By KBB.com Editors
Now entering its eleventh model year and third iteration, the 2008 Porsche Boxster continues to reap the benefits of Porsche's traditional evolutionary method of engineering. Last year's power bump put the Boxster S on equal footing with its Cayman sibling, which shares the 3.4-liter, 295-horsepower powerplant; the "just plain" Boxster and Cayman carry on with the 245-horsepower, 2.7-liter engine. The numerical difference may seem minor but the performance difference is remarkable.
The 2008 Boxster carries on the legacy of Porsche's legendary 550 Spyder and 356 Speedster in a thoroughly modern convertible format that combines day-to-day utility with performance and handling that rival more exotic machinery. Either model, but especially the basic Boxster, provides all the benefits of belonging to one of motoring's more exclusive clubs without paying excessive dues.
Anyone looking for edgy, aggressive styling and racetrack performance to match would be better served by the Cayman. Although both the Boxster and Boxster S come fairly well equipped for the money, the option list is long and pricey and your Boxster may drive out the door with a price tag equivalent to a 911.
Lightweight sport seats with adjustable backrests are a new option, while Boxsters equipped with leather add Carrera Red to the interior color palette. Oil-change intervals are extended to 12,000 miles and spark-plug replacement to 36,000 miles.
Driving Impressions Porsches are excellent driving machines and both Boxster models more than live up to that heritage. They are rewarding to drive at nearly any level of expertise. The feel and...responsiveness of the steering is incredible, allowing for accurate and exact placement through just about any type of turn and at just about any speed a reasonable person might attempt. The handling is as exceptional as the steering, although the combination of optional 19-inch wheels and the "sport" setting of the PASM on certain road surfaces can result in a very harsh ride. Through the years, the term "Porsche brakes" has become a synonym for the ultimate in safe, positive stopping. Best of all, even though it is a convertible, the Boxster is no fair-weather-only vehicle when it comes to safe and exceptional levels of performance in wet or dry conditions. Although the performance of the Tiptronic S transmission continues to improve, those physically capable should consider only the ultra-smooth six-speed manual.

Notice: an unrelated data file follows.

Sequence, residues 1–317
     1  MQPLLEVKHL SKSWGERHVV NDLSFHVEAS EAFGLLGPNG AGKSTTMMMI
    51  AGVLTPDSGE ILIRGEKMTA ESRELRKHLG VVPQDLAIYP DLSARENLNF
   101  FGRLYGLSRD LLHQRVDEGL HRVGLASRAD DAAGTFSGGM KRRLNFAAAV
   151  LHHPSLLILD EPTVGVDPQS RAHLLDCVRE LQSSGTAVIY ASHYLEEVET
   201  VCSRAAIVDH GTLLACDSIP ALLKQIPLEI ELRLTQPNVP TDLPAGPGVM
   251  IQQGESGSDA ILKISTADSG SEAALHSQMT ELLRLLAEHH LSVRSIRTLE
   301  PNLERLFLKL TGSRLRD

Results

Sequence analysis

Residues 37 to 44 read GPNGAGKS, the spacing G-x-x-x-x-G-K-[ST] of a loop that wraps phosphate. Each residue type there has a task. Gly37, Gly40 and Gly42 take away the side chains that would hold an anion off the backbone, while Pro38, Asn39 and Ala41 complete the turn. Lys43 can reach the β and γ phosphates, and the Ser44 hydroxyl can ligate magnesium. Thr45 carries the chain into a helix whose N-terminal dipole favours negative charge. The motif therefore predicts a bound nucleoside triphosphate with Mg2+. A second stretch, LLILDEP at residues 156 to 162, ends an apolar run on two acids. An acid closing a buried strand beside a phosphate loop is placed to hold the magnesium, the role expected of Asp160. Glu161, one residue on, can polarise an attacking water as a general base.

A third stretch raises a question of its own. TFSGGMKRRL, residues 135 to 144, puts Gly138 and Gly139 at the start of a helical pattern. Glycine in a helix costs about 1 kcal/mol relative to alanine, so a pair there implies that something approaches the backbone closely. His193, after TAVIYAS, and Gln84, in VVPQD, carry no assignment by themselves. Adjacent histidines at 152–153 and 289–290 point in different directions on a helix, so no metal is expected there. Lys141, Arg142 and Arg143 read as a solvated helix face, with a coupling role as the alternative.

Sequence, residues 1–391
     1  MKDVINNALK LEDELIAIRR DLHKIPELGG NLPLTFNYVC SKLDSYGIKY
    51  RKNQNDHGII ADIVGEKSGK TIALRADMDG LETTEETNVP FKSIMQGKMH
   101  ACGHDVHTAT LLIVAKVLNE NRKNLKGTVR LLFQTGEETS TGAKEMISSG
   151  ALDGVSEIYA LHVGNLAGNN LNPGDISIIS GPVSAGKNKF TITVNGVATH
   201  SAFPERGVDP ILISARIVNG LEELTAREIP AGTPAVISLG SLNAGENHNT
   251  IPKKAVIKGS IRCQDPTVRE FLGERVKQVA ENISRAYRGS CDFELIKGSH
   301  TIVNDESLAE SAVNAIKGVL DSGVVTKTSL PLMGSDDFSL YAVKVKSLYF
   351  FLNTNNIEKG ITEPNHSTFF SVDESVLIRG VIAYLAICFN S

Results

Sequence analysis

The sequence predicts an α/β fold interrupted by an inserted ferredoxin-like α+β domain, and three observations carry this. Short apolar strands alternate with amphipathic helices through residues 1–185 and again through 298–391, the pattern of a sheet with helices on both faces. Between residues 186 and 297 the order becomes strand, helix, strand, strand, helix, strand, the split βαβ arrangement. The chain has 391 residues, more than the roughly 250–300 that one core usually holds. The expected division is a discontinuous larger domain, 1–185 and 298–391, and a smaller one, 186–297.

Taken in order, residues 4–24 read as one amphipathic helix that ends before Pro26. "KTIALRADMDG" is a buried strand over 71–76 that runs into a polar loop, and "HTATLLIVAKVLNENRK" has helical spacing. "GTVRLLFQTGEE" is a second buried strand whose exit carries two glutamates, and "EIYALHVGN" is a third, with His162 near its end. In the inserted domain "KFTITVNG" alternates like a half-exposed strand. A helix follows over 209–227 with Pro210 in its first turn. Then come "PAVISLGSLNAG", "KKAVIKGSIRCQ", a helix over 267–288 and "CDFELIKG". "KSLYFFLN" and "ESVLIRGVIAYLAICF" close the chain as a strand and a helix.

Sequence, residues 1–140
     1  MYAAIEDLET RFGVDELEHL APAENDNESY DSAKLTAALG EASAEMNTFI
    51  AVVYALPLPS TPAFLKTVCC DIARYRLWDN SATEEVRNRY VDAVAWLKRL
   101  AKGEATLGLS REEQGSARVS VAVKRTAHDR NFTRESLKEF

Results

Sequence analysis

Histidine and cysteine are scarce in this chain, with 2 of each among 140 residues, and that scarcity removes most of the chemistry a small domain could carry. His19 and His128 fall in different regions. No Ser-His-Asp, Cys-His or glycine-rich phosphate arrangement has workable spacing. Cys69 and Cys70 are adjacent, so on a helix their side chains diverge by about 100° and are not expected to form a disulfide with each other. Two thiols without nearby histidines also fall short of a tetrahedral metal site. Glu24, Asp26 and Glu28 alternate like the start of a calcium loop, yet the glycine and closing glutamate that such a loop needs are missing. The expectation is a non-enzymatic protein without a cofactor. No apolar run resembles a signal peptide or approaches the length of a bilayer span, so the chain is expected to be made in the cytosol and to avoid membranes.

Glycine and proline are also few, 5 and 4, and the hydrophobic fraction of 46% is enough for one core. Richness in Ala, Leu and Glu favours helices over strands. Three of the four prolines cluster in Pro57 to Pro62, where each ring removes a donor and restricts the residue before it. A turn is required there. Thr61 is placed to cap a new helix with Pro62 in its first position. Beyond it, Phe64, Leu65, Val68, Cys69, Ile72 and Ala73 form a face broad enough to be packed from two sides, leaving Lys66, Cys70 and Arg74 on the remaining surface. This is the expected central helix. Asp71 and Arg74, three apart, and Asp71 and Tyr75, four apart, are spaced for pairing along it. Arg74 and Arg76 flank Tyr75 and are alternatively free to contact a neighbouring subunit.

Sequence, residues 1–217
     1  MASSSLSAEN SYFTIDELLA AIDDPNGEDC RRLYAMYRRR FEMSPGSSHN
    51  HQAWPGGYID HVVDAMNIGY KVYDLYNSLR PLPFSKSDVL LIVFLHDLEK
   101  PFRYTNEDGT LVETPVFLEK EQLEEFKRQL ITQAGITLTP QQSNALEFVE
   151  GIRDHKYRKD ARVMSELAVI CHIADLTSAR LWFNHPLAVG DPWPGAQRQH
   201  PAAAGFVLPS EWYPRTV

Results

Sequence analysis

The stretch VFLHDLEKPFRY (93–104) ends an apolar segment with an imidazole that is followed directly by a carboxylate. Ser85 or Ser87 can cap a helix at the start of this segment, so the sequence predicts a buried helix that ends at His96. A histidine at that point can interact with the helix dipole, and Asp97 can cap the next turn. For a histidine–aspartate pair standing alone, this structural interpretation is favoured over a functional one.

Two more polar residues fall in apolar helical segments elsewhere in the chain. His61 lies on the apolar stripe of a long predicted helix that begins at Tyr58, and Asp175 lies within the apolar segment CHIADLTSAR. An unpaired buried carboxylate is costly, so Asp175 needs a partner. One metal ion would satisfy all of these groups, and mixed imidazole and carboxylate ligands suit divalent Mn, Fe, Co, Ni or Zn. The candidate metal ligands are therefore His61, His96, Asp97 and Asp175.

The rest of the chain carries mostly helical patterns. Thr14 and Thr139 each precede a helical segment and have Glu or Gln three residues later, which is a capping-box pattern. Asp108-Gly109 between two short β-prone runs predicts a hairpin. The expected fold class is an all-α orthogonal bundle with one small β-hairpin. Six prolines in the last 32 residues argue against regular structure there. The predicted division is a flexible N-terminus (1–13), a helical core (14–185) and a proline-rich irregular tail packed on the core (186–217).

Anyone who has ever used a sports car as a daily driver, let alone taken a trip in one, has to feel that having not one, but two reasonable trunks is like having your cake and eating it, too – and then getting seconds.
Porsche Stability Management (PSM)
Porsche Stability Management is great for what it doesn't do – interfere with your fun during aggressive driving – as much as what it does do – bail you out when the fun stops because your gumption has exceeded your ability.
The interior, a modern interpretation of the classic Porsche look – notably the instrument panel, which is dominated by a large centered-mounted tachometer – carries over the major 2005 revamp that stressed roomier accommodations and upgraded materials. Four leather-covered seating choices range from mainly-manual six-way adjustable standard seats to fully-powered "adaptive" sport seats.Exterior
Styling carries over from the subtle, but effective muscular enhancement of the fender lines that debuted in 2005. You can spot the S model by its additional horizontal cooling duct in the lower front fascia and the dual exhaust outlets at the rear.
The Boxster comes equipped with a five-speed manual transmission with a 2.7-liter six-cylinder engine, while the Boxster S includes a six-speed manual transmission and 3.4-liter six-cylinder engine. Both models have four-wheel disc brakes with four-piston calipers at each wheel. The Boxster rides on standard 17-inch alloy wheels and the S on 18-inch alloys. Each model features a canvas top, which can be operated at speeds up to 40 mph and includes an electrically-heated rear glass window. Because of the mid-engine location and lack of a spare tire and jack (an electric air compressor and can of tire sealant are substituted), the Boxster offers ample storage with a 5.3 cubic-feet capacity front trunk and a rear trunk of 4.6 cubic-feet capacity. Safety items include the excellent Porsche Stability Management system (PSM), as well as anti-lock braking system (ABS), Anti-Slip Regulation (ASR) and Automatic Brake Differential (ABD). In addition to two-stage front airbags, both driver and passenger are protected by a side-impact system that includes torso-protecting airbags at the outside of the seat backrest and head airbags in the door windowsills.